Five bods wrongly cuffed thanks to bungled comms snooping in UK
Report: Web, phone data slurping cocked up nearly 1,000 times in a year
UK cops and spook agencies wrongly fingered five people as criminals after seizing data about their communications, according to a new report.
The Interception of Communications Commissioner's latest dossier [PDF] gave examples of intelligence data used to seize drugs and firearms, stop illegal waste dumping and in one instance catch a con artist - but it also revealed that cock-ups had been made.
In most cases, the officers or agents involved realised their mistake and took no action on the data. However, five people were either wrongly detained or accused of crimes following requests for data about their internet activity (curiously referred to as "Internet Protocol or node name resolutions" in the report). In another error, police were sent to an address where they wrongly believed a child had threatened to harm him or herself.
According to the report, last year cops and spooks sent 570,135 demands for information about folks' texts, emails and other communications to telcos and ISPs. That collected data revealed who got the messages and calls, and where and when - the so-called metadata - rather than the content of said messages. But that information alone can be useful enough for savvy investigators trying to work out what was being discussed.
That number of requests also includes multiple demands made during the same investigation, so the number of people targeted "would be much smaller", the report pointed out.
A total of 3,372 lawful intercept warrants were issued, up 16 per cent on 2011, to actually listen in on the calls or read the messages.
The power to snoop on citizens' private communications is granted by the Regulation of Investigatory Powers Act (RIPA).
Former commissioner Sir Paul Kennedy, who served until the end of 2012, said that 55 breaches of the RIPA law were reported to his office, including seven errors where law enforcement agencies didn't have the authority to seize texts, voicemails and emails. However, he added that none of the mistakes were "malicious or deliberate".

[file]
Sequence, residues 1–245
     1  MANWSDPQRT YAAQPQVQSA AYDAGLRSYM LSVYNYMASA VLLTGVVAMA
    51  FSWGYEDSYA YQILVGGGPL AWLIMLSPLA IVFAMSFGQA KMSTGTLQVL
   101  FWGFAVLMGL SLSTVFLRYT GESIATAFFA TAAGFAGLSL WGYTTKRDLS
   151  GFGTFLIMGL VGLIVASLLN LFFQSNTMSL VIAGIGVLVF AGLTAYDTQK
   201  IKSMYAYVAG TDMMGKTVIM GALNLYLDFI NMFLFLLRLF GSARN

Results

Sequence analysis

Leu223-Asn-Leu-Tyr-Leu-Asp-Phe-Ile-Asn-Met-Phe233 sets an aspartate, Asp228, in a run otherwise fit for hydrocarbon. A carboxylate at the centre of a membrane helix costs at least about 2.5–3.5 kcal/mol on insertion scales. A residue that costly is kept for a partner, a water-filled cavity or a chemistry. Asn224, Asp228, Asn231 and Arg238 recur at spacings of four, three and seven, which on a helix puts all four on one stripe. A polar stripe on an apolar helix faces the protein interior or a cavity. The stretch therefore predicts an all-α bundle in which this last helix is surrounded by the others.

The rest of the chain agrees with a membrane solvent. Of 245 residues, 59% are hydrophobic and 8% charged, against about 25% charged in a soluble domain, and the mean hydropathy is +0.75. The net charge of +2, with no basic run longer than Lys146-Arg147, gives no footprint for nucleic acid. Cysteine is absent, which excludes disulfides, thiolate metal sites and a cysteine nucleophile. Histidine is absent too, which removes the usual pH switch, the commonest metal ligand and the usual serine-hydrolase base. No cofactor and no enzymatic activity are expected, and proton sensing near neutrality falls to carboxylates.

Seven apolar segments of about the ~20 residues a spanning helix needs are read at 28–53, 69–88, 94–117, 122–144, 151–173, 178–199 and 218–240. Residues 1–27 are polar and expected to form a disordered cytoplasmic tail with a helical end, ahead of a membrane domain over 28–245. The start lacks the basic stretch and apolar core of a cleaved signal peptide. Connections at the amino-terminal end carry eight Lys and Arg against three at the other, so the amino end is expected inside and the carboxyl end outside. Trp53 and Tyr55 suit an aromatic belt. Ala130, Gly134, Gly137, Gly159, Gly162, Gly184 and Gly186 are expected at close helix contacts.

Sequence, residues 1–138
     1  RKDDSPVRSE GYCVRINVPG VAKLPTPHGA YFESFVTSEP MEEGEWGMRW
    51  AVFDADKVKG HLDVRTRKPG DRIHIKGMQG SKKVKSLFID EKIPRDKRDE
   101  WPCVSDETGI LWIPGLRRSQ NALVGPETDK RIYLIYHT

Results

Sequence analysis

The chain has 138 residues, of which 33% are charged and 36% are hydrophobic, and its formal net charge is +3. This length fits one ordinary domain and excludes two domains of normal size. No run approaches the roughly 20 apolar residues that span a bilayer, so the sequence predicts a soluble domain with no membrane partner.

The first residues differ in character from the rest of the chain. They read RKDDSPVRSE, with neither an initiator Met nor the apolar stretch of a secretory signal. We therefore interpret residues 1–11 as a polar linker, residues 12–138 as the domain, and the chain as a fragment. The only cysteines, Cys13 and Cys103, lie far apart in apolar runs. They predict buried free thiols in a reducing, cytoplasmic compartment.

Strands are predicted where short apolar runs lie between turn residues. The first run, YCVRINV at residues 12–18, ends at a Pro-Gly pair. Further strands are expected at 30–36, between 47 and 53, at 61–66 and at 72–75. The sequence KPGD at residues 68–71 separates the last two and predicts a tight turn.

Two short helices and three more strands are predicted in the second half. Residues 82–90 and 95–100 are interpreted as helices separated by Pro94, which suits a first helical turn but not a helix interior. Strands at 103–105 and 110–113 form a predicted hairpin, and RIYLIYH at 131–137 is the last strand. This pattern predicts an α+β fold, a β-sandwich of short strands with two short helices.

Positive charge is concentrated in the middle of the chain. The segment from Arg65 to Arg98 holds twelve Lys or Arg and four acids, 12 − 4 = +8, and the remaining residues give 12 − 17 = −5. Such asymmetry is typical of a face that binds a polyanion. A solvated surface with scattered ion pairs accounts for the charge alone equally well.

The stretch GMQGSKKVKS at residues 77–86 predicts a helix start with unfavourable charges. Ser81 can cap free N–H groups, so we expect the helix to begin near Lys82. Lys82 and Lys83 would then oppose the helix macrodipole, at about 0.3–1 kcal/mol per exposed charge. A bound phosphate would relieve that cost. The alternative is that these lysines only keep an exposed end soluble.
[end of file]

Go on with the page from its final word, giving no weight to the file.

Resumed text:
"Each error involved some kind of human error or system related technical problem. In a large number of the 55 error cases, no intercept product was actually obtained and therefore there was no unjustified or unnecessary intrusion," he said.
"In the smaller number of cases where intercept product was wrongly obtained, I have been assured that any such product has been destroyed."
Nearly a thousand errors were made in communications metadata requests, with around 80 per cent being mistakes made by the authorities and another 20 per cent made by the communications service providers.
However, the snooping-on-the-snoopers commissioner said that comms data slurping was still a great way to catch would-be criminals and terrorists.
"Interception and communications data remain powerful techniques in the investigation of many kinds of crime and threats to national security," Sir Paul, who was succeeded at the start of this year by Sir Anthony May, wrote in his report.
"Many of the largest drug-trafficking, excise evasion, people-trafficking, counter-terrorism and wider national security, and serious crime investigative successes of the recent past have in some way involved the use of interception and/or communications data."
Most of the data requests were made by law agencies and spook centres, but 160 local councils across the UK made more than 2,500 of the requests for data to ID criminals for crimes such as dodging their taxes or selling fake goods.
The commission said that a number of measures had been put in place to stop mistakes happening again, including the sage advice to double check all details.
"I am satisfied with the measures put in place by these public authorities and communication service providers and hopefully this will prevent recurrence," the knight of the realm declared. ®